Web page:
www.nytimes.com 1st July 2011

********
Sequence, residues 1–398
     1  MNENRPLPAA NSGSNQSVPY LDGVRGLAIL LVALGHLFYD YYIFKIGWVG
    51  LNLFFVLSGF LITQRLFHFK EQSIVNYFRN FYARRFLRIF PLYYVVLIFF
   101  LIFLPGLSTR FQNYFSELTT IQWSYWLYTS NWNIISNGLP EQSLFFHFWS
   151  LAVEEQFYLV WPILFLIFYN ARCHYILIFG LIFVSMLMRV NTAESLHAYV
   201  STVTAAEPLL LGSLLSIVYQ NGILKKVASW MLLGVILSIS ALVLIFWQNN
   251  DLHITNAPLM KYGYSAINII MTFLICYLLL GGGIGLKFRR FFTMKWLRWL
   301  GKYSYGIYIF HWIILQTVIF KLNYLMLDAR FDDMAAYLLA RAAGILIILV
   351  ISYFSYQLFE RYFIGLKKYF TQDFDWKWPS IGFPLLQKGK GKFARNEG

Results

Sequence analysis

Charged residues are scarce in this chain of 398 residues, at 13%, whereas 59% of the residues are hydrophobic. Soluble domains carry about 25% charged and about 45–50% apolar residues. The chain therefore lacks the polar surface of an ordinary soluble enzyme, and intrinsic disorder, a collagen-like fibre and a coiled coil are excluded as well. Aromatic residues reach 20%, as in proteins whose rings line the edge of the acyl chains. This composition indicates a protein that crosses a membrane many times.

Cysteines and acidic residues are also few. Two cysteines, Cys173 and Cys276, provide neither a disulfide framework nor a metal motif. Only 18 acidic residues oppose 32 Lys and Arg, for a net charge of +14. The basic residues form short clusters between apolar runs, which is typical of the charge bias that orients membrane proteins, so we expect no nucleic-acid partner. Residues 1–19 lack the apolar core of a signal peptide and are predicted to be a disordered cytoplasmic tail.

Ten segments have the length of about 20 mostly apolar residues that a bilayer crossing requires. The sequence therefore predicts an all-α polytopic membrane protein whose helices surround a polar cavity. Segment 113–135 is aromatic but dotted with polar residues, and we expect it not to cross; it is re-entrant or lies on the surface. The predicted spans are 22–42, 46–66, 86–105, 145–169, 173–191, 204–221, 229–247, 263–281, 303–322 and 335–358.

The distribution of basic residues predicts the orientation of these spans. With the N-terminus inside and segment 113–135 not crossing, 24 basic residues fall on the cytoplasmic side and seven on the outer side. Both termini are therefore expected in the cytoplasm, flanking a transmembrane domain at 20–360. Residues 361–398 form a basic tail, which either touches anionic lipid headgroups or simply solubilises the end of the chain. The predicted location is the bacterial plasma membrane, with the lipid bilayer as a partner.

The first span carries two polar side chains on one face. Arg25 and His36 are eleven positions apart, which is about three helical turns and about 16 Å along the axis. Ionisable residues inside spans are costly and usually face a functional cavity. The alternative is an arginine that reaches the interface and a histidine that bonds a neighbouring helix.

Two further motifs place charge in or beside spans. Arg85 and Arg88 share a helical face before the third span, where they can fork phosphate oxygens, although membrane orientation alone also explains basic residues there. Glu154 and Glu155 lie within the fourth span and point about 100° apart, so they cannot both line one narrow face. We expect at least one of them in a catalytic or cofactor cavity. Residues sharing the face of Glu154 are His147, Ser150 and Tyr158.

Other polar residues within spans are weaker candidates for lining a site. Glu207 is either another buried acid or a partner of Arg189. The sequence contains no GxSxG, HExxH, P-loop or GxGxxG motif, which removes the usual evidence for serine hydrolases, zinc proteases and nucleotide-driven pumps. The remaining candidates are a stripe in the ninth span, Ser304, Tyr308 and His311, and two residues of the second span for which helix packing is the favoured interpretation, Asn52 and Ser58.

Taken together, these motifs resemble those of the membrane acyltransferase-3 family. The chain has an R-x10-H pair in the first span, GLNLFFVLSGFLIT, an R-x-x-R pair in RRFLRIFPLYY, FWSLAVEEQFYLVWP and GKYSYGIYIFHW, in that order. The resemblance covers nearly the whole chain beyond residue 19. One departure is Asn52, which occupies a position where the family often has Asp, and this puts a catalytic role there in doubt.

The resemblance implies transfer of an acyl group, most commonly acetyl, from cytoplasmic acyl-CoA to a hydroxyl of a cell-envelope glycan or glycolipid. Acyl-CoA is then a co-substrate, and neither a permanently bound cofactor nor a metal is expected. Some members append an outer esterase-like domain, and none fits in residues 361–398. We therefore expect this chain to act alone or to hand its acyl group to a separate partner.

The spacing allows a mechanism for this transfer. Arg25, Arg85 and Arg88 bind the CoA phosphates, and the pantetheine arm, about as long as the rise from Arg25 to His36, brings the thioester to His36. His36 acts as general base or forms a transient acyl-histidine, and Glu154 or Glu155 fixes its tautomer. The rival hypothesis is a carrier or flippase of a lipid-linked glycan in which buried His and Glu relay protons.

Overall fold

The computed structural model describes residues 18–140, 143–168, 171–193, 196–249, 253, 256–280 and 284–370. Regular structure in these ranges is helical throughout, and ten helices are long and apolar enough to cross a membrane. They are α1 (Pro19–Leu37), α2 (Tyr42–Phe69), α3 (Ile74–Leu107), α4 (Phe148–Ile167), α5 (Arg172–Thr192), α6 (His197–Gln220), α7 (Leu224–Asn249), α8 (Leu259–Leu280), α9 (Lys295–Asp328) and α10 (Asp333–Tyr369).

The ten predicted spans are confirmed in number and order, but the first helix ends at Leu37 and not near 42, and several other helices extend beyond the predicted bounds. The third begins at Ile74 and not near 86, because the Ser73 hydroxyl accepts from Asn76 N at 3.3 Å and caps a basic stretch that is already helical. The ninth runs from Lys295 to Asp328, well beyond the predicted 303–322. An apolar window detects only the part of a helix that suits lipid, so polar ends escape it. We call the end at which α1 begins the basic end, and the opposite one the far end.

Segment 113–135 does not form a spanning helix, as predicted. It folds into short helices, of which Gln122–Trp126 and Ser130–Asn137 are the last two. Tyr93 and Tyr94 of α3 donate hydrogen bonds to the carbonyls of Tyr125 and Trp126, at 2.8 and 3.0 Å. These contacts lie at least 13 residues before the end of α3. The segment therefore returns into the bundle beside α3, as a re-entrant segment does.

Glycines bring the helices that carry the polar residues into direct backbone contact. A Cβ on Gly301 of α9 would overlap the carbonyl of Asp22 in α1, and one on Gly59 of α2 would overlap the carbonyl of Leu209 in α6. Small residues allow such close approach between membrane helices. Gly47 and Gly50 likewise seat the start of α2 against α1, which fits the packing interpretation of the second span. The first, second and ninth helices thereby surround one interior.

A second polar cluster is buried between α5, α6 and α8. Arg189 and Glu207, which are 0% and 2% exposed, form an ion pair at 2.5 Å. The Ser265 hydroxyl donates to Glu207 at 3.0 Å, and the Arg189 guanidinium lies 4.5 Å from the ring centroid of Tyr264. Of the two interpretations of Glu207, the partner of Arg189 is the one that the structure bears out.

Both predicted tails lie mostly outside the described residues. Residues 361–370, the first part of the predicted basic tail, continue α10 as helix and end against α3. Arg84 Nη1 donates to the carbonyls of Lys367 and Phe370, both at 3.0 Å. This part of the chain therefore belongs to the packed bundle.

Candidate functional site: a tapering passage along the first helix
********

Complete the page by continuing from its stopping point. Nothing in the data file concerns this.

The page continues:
In an attempt to reduce their reliance on Amazonian hardwoods, officials in charge of maintaining the Coney Island boardwalk have begun to replace sections of the walk with concrete instead of wooden boards. Pressure from conservation organisations such as Rainforest Relief has apparently succeeded with the boardwalk, constructed in 1923, now having two sections of concrete walkway. Amazonian hardwoods, such as ipe, are used in many of Brooklyn’s piers, benches, and walkways and can withstand the weight of a garbage truck. In recent times, supplies of hardwoods have been depleted to dangerously low levels. Concrete seems to be the cheapest and most durable alternative costing at $95 a square foot compared to $127 for hardwood. Native American hardwoods are not suitable as sturdy as their Amazonian counterparts. The next instalment of concrete will be, if plans drawn up by advisory body Community Block 13 are followed through, 5 blocks on the walk’s eastern edge costing $7.5 million. An other plan to replace just a central strip of the boardwalk with concrete, on which the garbage trucks could drive, and then use recycled plastic boards for the rest (costing $110 per square foot) was turned down by Community Board 13 at a vote of 21 to 7.